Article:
Upholding people’s lives, dignity and livelihoods 

•          The UN is particularly concerned about the impact of COVID-19 on poor countries and the most vulnerable of their populations such as migrants, refugees, and those in low-income. The 1.3 million refugees, 1.6 million Stateless, over 5.6 million internally displaced persons and tens of thousands of stranded migrants in West and Central Africa need urgent support.

•          More than 19 million people face food insecurity in the coming lean season (June-August 2020) in West and Central Africa. That number could double by the end of the year due to the socio-economic impact of the measures taken to limit the spread of COVID-19, if action is not taken by governments and the international community.

•          Countries must ensure that women, children and other vulnerable groups at greater risk of domestic violence (including Gender-Based Violence) have access to adequate protection. Services to prevent and respond to violence against women need to be considered an essential service.

•          The UN is calling on families and leaders at all levels to protect children. Socio-economic impact of the pandemic, together with measures to mitigate the spread of the new coronavirus, are putting young lives at risk in key areas such as education, food, safety and health.

 

•          Containment measures are affecting even further children’s ability to access proper water/sanitation/hygiene, nutrition, health, education and protection services with humanitarian and development actors facing more challenges to deliver life-saving aid. Over 128 million children and youth are directly affected by nationwide school closures in West and Central Africa – in addition to the estimated 41 million of out-of-school children aged 6-15 years old before COVID-19. About 11 million children under five-year-old would be suffering from acute malnutrition in the course of the year

•          Women are disproportionately represented in the service industries and the informal sector which are amongst those hardest-hit by measures to reduce COVID-19 transmission. Countries must ensure that measures to stimulate the economy, like cash transfers, credits and loans are targeted at women. Social safety nets must be expanded. Unpaid care work must be recognized and valued as a vital contribution to the economy.

•          Stigma and discrimination are unacceptable at all times, everywhere and also in the context of this pandemic. The UN is concerned about reports of stigmatization and discrimination targeting migrants and displaced populations.  We must make every effort to avoid the rise of racism and xenophobia.

Rapid Recovery

•          The recovery from COVID-19 provides the opportunity to boost local production and invest in resilient infrastructure and intra-African regional value chains.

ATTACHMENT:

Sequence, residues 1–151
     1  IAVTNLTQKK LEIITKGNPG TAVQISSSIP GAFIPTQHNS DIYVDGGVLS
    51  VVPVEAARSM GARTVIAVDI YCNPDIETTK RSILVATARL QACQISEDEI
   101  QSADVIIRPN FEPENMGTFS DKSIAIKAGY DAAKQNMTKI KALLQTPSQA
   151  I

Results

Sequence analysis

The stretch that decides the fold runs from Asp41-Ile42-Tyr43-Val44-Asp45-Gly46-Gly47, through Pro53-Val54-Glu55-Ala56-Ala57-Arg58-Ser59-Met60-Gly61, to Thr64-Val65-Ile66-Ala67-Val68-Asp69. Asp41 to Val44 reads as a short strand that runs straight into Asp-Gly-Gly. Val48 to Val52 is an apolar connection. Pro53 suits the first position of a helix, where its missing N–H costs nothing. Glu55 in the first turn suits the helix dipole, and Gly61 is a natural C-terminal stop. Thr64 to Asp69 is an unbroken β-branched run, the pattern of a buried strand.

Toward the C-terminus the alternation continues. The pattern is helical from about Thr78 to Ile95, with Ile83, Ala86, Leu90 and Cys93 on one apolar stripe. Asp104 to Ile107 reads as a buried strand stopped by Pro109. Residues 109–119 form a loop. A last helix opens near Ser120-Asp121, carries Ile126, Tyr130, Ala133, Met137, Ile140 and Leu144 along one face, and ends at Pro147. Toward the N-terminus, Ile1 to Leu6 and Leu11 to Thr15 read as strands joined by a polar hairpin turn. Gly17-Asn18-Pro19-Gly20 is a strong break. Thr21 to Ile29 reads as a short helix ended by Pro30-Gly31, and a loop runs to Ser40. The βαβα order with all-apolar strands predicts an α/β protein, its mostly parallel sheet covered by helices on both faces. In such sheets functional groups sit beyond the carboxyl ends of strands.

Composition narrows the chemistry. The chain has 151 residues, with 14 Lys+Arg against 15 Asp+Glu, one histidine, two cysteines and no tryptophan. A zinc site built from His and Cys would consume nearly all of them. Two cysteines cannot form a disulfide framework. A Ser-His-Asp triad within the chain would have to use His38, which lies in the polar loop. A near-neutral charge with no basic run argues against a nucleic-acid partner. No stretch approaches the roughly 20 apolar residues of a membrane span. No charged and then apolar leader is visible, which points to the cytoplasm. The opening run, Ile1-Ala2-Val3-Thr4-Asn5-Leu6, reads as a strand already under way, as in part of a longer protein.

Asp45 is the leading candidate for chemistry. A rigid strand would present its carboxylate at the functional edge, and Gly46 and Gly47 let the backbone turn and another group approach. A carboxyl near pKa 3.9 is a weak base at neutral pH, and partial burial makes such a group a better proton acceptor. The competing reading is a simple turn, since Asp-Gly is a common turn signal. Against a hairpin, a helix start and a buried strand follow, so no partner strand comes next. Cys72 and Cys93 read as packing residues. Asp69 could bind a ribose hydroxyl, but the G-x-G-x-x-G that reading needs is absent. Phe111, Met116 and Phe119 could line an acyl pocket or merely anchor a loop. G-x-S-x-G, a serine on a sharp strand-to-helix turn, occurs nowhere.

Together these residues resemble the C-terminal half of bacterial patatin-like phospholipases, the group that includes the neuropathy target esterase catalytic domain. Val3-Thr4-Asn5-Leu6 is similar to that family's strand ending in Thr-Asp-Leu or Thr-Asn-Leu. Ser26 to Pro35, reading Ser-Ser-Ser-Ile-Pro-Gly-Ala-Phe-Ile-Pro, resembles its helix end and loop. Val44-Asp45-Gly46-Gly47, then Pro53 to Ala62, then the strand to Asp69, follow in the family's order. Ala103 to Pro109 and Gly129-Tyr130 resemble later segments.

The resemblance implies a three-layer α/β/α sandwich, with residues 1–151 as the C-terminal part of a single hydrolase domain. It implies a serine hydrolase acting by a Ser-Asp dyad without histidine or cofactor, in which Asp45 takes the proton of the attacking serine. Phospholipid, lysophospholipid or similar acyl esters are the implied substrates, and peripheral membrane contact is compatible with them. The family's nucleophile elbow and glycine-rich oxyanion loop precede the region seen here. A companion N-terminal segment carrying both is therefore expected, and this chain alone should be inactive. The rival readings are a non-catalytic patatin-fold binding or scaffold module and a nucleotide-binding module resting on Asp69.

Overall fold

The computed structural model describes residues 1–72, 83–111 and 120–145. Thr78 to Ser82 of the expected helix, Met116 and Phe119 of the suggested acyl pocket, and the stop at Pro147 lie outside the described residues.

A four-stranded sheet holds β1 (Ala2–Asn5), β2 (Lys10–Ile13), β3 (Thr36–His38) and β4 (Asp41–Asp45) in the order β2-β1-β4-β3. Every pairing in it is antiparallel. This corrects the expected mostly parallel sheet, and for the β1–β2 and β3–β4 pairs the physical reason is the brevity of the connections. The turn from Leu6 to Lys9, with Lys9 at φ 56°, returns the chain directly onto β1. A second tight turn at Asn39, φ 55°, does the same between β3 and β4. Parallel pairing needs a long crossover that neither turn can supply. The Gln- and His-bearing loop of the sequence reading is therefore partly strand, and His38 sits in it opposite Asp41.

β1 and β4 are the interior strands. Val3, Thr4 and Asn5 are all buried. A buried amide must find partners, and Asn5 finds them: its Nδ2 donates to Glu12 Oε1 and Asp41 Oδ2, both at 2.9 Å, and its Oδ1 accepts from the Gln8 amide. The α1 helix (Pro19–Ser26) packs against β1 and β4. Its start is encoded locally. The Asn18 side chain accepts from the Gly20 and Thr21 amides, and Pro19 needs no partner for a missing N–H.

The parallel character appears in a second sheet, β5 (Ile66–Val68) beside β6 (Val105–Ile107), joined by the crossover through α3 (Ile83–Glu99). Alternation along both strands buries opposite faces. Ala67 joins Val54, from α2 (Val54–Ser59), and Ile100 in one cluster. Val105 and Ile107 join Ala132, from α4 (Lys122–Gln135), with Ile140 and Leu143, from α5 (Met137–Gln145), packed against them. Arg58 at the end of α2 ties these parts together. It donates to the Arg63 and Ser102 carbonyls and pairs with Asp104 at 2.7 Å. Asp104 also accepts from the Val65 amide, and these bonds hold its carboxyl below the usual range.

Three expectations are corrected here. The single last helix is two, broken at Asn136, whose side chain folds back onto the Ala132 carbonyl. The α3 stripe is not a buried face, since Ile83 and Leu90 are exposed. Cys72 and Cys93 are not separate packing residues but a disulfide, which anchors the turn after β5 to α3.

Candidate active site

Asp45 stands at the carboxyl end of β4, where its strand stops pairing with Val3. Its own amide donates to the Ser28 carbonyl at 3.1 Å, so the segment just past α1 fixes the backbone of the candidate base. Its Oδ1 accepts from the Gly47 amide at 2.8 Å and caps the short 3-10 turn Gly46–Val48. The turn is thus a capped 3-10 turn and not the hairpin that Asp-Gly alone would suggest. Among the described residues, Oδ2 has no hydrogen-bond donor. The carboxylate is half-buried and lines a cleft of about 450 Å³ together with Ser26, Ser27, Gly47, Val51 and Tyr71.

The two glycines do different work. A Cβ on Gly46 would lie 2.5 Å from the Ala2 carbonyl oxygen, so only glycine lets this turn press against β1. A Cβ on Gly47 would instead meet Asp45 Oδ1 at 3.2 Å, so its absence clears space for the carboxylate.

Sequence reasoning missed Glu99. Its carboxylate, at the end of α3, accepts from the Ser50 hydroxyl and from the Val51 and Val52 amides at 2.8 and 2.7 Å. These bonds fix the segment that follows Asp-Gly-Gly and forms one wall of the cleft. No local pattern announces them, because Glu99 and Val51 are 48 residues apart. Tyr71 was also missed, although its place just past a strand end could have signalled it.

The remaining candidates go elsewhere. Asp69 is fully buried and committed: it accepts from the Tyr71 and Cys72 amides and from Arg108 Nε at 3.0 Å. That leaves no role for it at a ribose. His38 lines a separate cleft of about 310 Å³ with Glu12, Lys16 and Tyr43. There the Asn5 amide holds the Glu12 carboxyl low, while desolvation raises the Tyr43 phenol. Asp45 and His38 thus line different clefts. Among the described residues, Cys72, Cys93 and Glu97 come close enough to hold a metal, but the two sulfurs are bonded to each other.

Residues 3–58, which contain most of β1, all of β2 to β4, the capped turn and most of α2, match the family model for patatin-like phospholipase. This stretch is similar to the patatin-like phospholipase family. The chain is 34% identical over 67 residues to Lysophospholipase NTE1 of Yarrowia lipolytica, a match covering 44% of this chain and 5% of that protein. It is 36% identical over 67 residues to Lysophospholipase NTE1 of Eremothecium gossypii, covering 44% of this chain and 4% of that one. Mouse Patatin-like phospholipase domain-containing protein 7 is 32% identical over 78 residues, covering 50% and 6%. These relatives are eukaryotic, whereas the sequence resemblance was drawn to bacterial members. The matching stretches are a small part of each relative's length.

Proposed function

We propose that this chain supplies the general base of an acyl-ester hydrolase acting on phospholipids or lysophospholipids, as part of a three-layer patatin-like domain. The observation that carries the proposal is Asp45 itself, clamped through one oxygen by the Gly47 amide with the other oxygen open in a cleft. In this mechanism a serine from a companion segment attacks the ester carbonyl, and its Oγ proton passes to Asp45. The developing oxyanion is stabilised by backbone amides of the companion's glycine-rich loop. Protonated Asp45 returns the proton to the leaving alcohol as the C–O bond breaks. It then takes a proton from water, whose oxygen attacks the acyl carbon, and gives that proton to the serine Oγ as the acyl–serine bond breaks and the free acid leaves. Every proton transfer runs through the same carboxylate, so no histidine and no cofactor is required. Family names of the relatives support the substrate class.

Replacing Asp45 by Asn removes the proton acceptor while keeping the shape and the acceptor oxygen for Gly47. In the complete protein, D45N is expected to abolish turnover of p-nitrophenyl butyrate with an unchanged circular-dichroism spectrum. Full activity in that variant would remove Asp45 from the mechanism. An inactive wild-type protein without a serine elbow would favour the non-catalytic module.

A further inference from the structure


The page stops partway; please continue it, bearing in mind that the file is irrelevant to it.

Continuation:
Resource Mobilization and partnerships

Partnerships and resource mobilization are critical to responding to COVID-19 pandemic and its impact. Everyone has a role to play – from International Financial Institutions and multilateral institutions to private sector and local manufacturers.

•          Alleviating crushing debt is crucial and the UN will continue to advocate for debt relief for countries in West and Central Africa.

•          In line with his call for a comprehensive global response package amounting to a double-digit percentage of global GDP, the UN Secretary-General has called for at least $200 billion for Africa to address immediate needs and recover better.

•          The UN Development system in the region is reprogramming and repurposing funds to meet the urgent need to procure critical supplies and also maintain the functionality and operational capacity of governments. A significant proportion of the UN’s existing $17.8 billion portfolio of sustainable development programmes across all the SDGs is being adjusted and expanded towards COVID-19 related actions.

•          The UN Economic Commission for Africa is working closely with member states in key areas, helping develop food readiness plans, and, together with African Finance Ministers, calling on the international community for a debt relief package.

  • UN agencies are working with governments and partners, to implement the recently launched US$2 billion Global Humanitarian Response Plan. International donors pledged a quarter (US$550 million) of that amount at the launch in March 2020.
  • The UN (WFP) is setting up the logistics backbone for global COVID-19 efforts. These include air transport hubs around the world including one in West Africa. But it urgently needs an initial US$350 million to set up these hubs around the world.
  • The UN agencies and aid workers urge the governments in West and Central Africa to allow for humanitarian corridors that would permit health and aid workers to move, serve people and save lives. If we cannot adequately roll-out essential logistics services, the response to COVID-19 in the world’s most fragile settings is in jeopardy.